April 18, 2019

On the Road Again: Transporting Donated Organs

Written by Garret Weigel | Supply Chain

In the past year, at least 3,182 organ transplants took place. To achieve this, an amazing feat had to happen: the organs had to be transported from donors to patients, which involved careful logistical effort, from harvest to successful transplant.

 

More than 125 million people have registered as organ donors, but only about three of every 1,000 actually become donors when they die. This small percentage is largely due to their age, the health of the particular organ, and their utility for the patient. But the list of those requiring donated organs is longer than the list of both those who are available to donate and organs that are viable for transplant.

 

The Critical Organ-Transplant Supply Chain

Remarkably, organs are donated and transplanted into another human being to help that person live a longer and healthy life. But this process relies heavily on a supply chain that is comparable to no other. It must be agile in every sense of the word. It also must be rapid and ready to change course based on distance, weather, available transportation assets, and most importantly, the organ itself.

 

For every organ donation, time is a critical and controlling factor. Ordinarily, an organ transplant coordination team has prearranged relationships with transporters that play various roles in the end-to-end supply chain of moving organs from one person to another. This transportation relies on multiple modes of transport, such as helicopters, fixed-wing aircrafts (usually from a small and private fleet), and various types of ground vehicles.

 

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Organs survive for different amounts of time before they must be transplanted. A liver can be preserved for between 12 and 18 hours. A pancreas can be preserved for between eight and 12 hours. Intestines can be preserved for about eight hours. Kidneys – the most common organ transplanted – can be preserved for between 24 and 48 hours. Each one is flushed free of fluids when removed and then placed into a special preservative solution that maintains the organ as ice-cold. It is then placed in a sterile container, packed with ice, and delivered to a transplant center.

 

Value-Added Transport Teams

Whoever is coordinating the transport has to deal with many factors: Where is the organ coming from? Where is it going to? What's the weather in that particular route? What are the various modes of transport that need to be incorporated? What organ is being transported and how much time do we have before it absolutely must be at the transplant center? The answers to such questions drive specific decisions regarding the organ’s supply chain. The entire process depends on trusted partners who are part of the entire team effort.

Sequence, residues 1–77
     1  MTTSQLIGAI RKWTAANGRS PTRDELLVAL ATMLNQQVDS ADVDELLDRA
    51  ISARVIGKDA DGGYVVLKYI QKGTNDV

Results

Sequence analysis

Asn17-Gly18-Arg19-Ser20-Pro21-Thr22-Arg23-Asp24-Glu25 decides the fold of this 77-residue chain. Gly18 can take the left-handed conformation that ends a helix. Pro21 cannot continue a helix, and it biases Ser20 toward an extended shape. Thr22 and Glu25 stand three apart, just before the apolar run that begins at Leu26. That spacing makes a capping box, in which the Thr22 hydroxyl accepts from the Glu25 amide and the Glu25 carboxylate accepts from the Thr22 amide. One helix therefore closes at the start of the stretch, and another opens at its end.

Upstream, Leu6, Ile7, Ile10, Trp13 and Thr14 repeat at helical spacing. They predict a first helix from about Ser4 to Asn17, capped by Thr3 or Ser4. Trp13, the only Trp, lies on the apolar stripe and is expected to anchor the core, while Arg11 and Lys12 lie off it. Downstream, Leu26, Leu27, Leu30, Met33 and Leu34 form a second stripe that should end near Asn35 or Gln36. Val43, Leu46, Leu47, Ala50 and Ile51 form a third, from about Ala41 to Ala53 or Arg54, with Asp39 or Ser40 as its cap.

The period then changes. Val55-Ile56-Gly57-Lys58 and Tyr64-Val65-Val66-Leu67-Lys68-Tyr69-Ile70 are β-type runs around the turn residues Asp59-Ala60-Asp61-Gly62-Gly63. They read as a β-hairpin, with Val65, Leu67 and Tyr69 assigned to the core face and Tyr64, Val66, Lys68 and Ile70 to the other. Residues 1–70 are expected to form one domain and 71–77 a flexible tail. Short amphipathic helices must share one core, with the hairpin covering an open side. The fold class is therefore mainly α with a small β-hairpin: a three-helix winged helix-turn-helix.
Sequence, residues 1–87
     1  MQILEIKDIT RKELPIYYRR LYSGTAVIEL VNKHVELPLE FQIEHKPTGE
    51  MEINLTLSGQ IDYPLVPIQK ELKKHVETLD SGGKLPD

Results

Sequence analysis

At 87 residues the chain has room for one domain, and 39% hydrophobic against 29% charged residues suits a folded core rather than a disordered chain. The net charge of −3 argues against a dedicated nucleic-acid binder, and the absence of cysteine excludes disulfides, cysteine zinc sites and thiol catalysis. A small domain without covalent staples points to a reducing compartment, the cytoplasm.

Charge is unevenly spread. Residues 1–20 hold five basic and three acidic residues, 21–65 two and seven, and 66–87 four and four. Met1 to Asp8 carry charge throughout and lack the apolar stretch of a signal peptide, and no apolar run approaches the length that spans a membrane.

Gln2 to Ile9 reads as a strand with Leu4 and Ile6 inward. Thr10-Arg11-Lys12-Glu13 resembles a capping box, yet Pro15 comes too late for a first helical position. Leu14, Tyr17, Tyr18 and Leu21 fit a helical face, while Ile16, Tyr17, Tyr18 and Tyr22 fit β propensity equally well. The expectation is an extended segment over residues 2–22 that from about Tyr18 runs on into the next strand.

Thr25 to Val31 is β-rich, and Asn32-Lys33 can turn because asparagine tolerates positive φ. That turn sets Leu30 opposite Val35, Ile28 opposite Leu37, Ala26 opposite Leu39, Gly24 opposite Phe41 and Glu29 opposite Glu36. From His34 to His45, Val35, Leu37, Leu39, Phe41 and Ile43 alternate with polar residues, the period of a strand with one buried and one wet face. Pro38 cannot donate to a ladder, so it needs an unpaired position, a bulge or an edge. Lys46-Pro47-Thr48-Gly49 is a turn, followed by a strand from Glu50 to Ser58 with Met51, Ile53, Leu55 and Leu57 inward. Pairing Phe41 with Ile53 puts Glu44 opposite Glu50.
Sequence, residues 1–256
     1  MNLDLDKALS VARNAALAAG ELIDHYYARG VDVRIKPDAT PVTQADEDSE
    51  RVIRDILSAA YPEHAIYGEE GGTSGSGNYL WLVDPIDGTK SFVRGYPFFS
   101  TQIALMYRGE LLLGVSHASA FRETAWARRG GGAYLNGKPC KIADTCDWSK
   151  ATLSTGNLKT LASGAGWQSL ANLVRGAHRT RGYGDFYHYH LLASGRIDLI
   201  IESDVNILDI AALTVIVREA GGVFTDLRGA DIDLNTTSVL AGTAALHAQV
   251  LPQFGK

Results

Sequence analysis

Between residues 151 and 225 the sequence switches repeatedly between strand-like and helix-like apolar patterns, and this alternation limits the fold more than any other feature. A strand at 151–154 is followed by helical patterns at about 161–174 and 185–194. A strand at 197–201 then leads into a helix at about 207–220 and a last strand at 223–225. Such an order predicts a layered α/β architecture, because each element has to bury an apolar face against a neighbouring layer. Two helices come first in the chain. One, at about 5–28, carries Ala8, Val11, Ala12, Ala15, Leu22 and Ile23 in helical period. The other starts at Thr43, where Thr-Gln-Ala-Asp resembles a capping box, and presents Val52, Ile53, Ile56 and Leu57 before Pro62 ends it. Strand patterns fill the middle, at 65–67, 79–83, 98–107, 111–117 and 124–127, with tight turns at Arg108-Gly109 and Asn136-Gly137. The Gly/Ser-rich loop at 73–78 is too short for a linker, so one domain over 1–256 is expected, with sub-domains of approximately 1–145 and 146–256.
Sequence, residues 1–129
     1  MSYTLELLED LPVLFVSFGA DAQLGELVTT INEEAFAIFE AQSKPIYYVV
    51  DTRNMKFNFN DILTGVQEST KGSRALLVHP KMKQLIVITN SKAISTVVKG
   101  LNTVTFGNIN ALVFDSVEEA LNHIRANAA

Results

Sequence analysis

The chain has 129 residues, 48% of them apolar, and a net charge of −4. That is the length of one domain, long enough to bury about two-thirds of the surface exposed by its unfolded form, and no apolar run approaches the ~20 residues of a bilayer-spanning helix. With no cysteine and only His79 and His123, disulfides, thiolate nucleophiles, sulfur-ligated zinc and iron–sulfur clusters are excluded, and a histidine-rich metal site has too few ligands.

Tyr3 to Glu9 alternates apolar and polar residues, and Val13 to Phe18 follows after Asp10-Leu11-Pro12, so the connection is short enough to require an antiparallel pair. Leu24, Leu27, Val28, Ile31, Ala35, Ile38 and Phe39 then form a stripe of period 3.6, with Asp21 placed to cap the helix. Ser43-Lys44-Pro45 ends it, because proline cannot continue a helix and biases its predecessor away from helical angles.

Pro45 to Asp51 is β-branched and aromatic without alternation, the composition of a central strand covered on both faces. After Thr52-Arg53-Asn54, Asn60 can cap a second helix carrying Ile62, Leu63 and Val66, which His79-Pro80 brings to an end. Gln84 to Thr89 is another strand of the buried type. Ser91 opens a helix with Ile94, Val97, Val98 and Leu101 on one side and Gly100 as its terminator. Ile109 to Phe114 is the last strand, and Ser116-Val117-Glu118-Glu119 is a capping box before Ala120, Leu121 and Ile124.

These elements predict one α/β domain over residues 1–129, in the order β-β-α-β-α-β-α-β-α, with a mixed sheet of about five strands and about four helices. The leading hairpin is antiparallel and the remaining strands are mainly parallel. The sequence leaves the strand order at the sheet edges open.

For example, REVA is a medical transporter that specializes in organ transports. Their organ services cover the U.S. Department of Health and Human Services Region 3 that includes six states in the Southeast, in addition to Puerto Rico. They have a fleet of helicopters, Learjets, and other fixed-wing aircraft that work with their ground medical and flight crews. Their aircrafts cover the North American continent, the Caribbean basin, Central and South America, throughout Europe, and other international locations.

 

reva air ambulance

A airplane part of the REVA fleet. In addition to organ transplants, REVA also carries patients in dire medial need. Source: https://www.flyreva.com/

 

As REVA explains on their website, organs require oxygen because human tissue decays without it. The longer it goes without oxygen, the greater the damage; once damaged, the organ becomes unsuitable for transplant.

 

Survival Flight is another company that works with the University of Michigan Health System. Like REVA, they have helicopters and small, fixed-wing aircraft that coordinate to make the organ journey complete. They work collaboratively with the team of physicians who know firsthand what is required, given the type and time sensitivity of that particular organ.

 

Typically, air transport for an ordinary medical emergency or for moving a patient from one location to another is 120 minutes. For organ donations, the time from the order for organs to be transported is generally about 90 minutes.

 

New Hope and New Life

The entire process of organ transport wouldn’t be successful without strong supply chain visibility and control. It also requires technology to monitor and measure the steps in the process. Since human life is involved, heavy surveillance is paramount.

 

As transportation technologies such as telematics and remote monitoring becomes more advanced and available, it's likely that the supply chain process of organ transplants will also improve. In fact, the same technologies that enable visibility and control for perishables and other temperature-sensitive and time-sensitive cargo will benefit organ transport.

 

It’s clear that organ transplants face an entirely new frontier as transportation and supply chain technology advances. More specifically, technologies that enable real-time monitoring of the shipment as well as the actual temperature of the shipment will provide information and therefore confidence that the product is safe to the team.

 

Organ transplantation gives new life and hope to many through the miracle of modern medicine. Transporting those organs, along with the new technology that will support such a process, is part of that new life and hope as well.

 

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